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How does the "interface detection link" mechanism work?


The "lost carrier" counter is periodically incrementing on a gigabit interface (sh int) connected to a service providers equipment. Documentation indicates this counter increments based on the "interface detection link" mechanism, but I can find no useful information on how this works.

0 interface resets

0 babbles, 0 late collision, 0 deferred

4 lost carrier, 0 no carrier, 0 pause output

4 Replies 4


I'm not sure that you did check this information already or not.

lost carrier::

Description: Cisco IOS sh interfaces counter. The number of times the carrier was lost in transmission.

Common Causes: Check for a bad cable. Check the physical connection on both sides.

Here you go:



Thanks Toshi,

I do have that link which is very useful in narrowing the items to check. But I'm looking for an explanation of how the interface detection link mechanism actually works. The knowlegede would be useful in working out the fix with our provider.



The mechanism is at layer 1, so the exact details depend on the physical layer of your adapter and the type of cable you use. You said this is a gigabit interface, but it could be over UTP or optical. The details can be found in the IEEE 802.3 (but takes some time to download, so I don't have exact documentation to provide to you right now). The general idea for practical purposes is typically the following: Each side of the link has some transmit wire(s) and receive wire(s). The receiver at each side can detect if the remote side is sending a signal. So, if your local receiver reports lost carrier there are chances of problems with remote transmitter or intermediate network in the transmit path towards your receiver. Local side usually cannot see problems with the signal it transmits, unless the remote side complains about it. This means that the remote side could see interface up because your side sends good signal, while your side sees interface down because they send bad signal.

OK, I managed to download the standard. Here are two relevant samples from it for optical media:

" PMD_SIGNAL.indication

This primitive is generated by the PMD to indicate the status of the signal being received from the MDI.

The semantics of the service primitive are PMD_SIGNAL.indication(SIGNAL_DETECT). The SIGNAL_DETECT parameter can take on one of two values: OK or FAIL, indicating whether the PMD is detecting light at the receiver (OK) or not (FAIL). When SIGNAL_DETECT = FAIL, PMD_UNITDATA.indication(rx_bit) is undefined. The PMD generates this primitive to indicate a change in the value of SIGNAL_DETECT.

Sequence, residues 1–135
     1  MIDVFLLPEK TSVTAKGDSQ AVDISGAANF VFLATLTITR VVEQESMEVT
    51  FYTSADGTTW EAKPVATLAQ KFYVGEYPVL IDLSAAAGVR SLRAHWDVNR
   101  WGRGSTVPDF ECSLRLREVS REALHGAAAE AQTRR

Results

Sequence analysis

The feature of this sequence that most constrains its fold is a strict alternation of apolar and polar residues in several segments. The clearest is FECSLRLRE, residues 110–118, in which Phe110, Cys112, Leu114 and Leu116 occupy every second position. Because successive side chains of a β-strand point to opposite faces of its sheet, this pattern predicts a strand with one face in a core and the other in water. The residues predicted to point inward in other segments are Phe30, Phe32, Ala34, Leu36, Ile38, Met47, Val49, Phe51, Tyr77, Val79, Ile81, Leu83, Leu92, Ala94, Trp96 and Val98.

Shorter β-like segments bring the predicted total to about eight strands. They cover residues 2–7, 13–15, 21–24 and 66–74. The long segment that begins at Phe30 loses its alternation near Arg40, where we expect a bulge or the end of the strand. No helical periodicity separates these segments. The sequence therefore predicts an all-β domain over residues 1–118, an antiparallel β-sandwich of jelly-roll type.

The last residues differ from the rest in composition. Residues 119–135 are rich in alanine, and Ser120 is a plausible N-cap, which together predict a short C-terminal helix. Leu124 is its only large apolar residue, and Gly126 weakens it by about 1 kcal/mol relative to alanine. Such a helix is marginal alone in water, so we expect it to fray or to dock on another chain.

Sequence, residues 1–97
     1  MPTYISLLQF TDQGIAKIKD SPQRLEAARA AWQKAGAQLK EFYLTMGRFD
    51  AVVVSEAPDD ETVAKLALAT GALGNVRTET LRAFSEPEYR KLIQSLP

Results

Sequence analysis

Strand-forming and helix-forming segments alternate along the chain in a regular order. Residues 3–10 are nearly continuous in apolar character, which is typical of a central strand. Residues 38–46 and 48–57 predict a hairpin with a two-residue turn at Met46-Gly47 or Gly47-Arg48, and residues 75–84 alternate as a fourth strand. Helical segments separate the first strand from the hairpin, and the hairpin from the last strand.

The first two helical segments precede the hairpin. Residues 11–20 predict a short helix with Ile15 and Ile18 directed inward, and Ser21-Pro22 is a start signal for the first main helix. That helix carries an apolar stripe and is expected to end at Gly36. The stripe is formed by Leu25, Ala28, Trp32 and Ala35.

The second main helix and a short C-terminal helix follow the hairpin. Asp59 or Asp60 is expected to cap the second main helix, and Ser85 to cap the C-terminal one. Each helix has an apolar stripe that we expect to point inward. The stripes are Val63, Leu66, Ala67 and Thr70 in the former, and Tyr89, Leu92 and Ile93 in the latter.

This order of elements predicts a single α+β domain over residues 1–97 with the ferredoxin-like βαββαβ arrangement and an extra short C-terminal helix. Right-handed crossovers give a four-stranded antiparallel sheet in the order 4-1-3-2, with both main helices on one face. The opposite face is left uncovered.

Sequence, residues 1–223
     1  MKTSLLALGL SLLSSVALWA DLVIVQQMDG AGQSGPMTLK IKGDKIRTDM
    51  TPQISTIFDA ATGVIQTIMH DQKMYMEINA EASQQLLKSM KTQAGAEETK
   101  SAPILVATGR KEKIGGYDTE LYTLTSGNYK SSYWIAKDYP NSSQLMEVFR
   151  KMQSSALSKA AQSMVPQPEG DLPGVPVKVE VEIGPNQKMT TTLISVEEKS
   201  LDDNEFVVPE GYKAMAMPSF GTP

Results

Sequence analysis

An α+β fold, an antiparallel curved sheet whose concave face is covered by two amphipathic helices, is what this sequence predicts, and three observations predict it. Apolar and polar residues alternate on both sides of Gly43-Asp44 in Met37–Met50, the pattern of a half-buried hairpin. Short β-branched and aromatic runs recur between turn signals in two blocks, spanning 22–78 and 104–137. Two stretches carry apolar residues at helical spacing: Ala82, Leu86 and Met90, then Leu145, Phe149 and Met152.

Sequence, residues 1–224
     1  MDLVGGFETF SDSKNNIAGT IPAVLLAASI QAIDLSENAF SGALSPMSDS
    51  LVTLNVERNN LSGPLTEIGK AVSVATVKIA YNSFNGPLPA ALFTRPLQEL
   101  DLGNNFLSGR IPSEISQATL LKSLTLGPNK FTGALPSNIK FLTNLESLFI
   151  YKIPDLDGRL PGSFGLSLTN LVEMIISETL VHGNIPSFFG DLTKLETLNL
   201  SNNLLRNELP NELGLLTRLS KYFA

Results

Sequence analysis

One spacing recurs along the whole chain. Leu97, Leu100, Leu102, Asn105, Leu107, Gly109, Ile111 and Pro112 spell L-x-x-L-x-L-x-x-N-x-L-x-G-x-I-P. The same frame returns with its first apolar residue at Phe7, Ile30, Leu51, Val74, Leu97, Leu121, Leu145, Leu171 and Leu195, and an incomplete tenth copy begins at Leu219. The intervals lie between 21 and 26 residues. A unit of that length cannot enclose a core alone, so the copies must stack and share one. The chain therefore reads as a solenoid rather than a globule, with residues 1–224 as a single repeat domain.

SIGNAL_DETECT = OK does not guarantee that PMD_UNITDATA.indication(rx_bit) is known good. It is possible for a poor quality link to provide sufficient light for a SIGNAL_DETECT = OK indication and still not meet the specified bit error ratio."

"59.2.4 PMD signal detect function

The PMD signal detect function shall report to the PMD service interface using the message

PMD_SIGNAL.indication(SIGNAL DETECT) which is signaled continuously. PMD_SIGNAL.indication

is intended to be an indicator of optical signal presence.

The value of the SIGNAL_DETECT parameter shall be generated according to the conditions defined in Table 59-2. The PMD receiver is not required to verify whether a compliant 1000BASE-X signal is being received. This standard imposes no response time requirements on the generation of the SIGNAL_DETECT parameter.

As an unavoidable consequence of the requirements for the setting of the SIGNAL_DETECT parameter, implementations must provide adequate margin between the input optical power level at which the

SIGNAL_DETECT parameter is set to OK, and the inherent noise level of the PMD due to cross talk, power supply noise, etc."

The standard can be very formal in its expressions, but the idea is the following: The receiver checks input optical power levels to detect reception of good signal from the remote transmitter.

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